This low number of clinical trials on the continent could slow the rate at which Africa will access approved vaccines, notes, Catherine Kyobutungi, Executive Director, APHRC.
“Lack of participation makes it difficult to access vaccines because of the global scramble.
Secondly, there is need to test vaccines in Africa to check for efficacy and safety on the African population,” she says.
If vaccines are tested on other continents with a predominant Caucasian population, African countries will still have to conduct tests to check for safety and compatibility in a process that could take up to nine months.
Participation in trials can improve access to vaccines, and ethical procedures of trials give room for participants to access vaccine once it is available, says Catherine.
Once the vaccine is made available, the next headache would be to ensure its equitable distribution.
In the ideal world, Gershim Asiki, a research scientist at APHRC says, the priority of access should be most vulnerable populations.
“Distribution process involves moving the vaccine from the manufacturer to the last mile,” he says.
After the vaccine is approved, its then produced in enough quantities for universal coverage.
The process is followed by approval by an international governing body that determine which countries need the vaccine the most, based on disease prevalence, severity and other aspects.
But before countries can receive the vaccines, they must conduct regulatory approvals to ensure the product is safe for their populations.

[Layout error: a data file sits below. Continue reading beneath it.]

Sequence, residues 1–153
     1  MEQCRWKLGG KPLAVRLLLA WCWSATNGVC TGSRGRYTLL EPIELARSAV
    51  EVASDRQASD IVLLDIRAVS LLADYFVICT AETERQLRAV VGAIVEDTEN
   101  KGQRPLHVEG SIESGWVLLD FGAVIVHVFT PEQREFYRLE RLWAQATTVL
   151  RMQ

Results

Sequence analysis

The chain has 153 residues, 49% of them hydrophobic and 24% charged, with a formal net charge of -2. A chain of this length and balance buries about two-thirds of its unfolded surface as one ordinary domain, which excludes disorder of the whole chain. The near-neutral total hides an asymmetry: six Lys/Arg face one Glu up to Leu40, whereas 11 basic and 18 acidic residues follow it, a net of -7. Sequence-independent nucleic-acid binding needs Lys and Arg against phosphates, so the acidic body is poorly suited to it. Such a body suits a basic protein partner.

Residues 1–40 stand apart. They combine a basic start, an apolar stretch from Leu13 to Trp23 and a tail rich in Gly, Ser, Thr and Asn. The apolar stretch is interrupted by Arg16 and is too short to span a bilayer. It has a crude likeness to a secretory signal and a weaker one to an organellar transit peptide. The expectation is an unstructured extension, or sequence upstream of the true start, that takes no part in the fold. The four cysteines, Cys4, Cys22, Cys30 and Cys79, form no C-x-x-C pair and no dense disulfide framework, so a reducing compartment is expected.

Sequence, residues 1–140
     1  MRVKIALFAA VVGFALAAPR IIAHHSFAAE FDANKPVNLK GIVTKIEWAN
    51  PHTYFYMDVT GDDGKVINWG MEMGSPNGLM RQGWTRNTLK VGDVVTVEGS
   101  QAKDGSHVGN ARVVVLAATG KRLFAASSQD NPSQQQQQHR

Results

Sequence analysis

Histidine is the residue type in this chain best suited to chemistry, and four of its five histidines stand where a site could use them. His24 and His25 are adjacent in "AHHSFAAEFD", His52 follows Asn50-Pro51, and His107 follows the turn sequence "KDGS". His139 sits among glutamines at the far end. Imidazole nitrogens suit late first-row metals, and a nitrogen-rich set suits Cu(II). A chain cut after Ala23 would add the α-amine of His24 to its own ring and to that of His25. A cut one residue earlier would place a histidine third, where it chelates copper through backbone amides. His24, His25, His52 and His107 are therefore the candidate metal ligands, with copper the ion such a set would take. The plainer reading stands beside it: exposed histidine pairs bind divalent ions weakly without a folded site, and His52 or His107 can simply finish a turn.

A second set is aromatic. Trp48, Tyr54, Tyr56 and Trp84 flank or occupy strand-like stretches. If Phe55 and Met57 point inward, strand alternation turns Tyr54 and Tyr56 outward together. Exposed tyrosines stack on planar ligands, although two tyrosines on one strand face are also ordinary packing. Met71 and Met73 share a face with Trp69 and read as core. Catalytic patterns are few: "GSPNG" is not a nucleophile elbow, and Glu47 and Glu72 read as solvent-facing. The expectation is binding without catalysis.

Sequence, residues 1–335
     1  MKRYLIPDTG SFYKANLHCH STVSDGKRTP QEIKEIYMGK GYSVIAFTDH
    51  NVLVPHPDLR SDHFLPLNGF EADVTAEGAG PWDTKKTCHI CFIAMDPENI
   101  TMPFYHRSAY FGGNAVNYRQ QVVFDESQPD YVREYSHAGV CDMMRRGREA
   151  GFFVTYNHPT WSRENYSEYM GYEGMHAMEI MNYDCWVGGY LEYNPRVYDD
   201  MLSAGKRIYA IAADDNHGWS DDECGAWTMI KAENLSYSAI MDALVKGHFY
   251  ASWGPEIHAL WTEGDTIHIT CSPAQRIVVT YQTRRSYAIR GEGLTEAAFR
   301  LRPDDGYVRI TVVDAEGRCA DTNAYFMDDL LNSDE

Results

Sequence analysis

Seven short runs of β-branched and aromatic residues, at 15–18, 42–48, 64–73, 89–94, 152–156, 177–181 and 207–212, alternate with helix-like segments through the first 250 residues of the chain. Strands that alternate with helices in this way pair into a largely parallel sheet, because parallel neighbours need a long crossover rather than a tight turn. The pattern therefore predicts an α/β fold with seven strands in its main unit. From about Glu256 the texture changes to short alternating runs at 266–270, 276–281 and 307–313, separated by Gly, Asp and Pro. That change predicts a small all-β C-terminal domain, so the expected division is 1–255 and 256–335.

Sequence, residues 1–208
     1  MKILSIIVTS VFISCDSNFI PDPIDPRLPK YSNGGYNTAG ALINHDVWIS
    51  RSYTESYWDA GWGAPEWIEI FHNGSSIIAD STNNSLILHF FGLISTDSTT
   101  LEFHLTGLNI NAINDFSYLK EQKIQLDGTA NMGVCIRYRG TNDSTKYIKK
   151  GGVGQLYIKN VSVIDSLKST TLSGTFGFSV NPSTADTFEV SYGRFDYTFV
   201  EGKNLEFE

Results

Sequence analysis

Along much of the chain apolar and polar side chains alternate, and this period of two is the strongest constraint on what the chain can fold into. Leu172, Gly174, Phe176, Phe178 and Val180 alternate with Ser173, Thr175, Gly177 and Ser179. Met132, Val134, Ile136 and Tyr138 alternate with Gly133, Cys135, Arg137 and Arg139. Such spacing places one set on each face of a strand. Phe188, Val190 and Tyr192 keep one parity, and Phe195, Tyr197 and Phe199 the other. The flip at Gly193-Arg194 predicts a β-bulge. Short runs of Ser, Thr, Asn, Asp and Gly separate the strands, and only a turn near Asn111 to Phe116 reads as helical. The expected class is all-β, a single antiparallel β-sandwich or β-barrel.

Timely transportation of vaccines is vital to ensure it maintains its potency until it gets to the users.
“Most vaccines remain potent between -4 and -8 degrees Celsius and this needs to be maintained until the last person gets the vaccines,” Asiki adds.
Usually health workers, the elderly and those with comorbidities should be prioritised.
However, based on previous pandemics, what happens in the real world is completely different.
“Priority is given to the highest bidder as opposed to the most vulnerable populations,” he notes.
The scenario of skewed vaccines distribution played out during the outbreak of the swine flu in 2009.
Low income, countries such as Mexico that were adversely affected by the pandemic suffered vaccines shortages since developed nations had placed large advance orders of the doses.
Even with Covid-19 vaccine, developed nations have begun the process of getting into contractual agreements with pharmaceutical companies to secure a certain amount of doses.
Through an initiative dubbed Operation Warp Speed, the US aims to deliver 300 million doses to its people by January 2021.
It has invested money in excess of trillions of shillings on pharmaceuticals such as Johnson & Johnson and AstraZeneca, both of which are developing Covid-19 vaccines.
To avoid vaccine shortages similar to those in past pandemics, a scheme named COVAX has been created to promote equitable access to low income countries.
The initiative by WHO and the Vaccine Alliance (GAVI) is working to raise funds to make two billion of effective vaccine doses available by late 2021.
“The idea behind COVAX is to invest in different vaccines being developed and ensure early access to poorer nations.
It is working to raise funding and reach contractual agreements with manufacturers to secure vaccines for low middle income countries to cover at least 20 per cent of populations at risk,” says Gershim.
Under the initiative, 950 million doses will be distributed to lower income nations and 100 million to humanitarian situations.
So far, the scheme is engaging governments from 92 nations to make a contribution towards the initiative and also calling on high income countries to offer financial support to bolster the efforts.
These efforts, Gershim notes, are not enough to guarantee universal access to the vaccine hence the need for African governments to invest in more initiatives.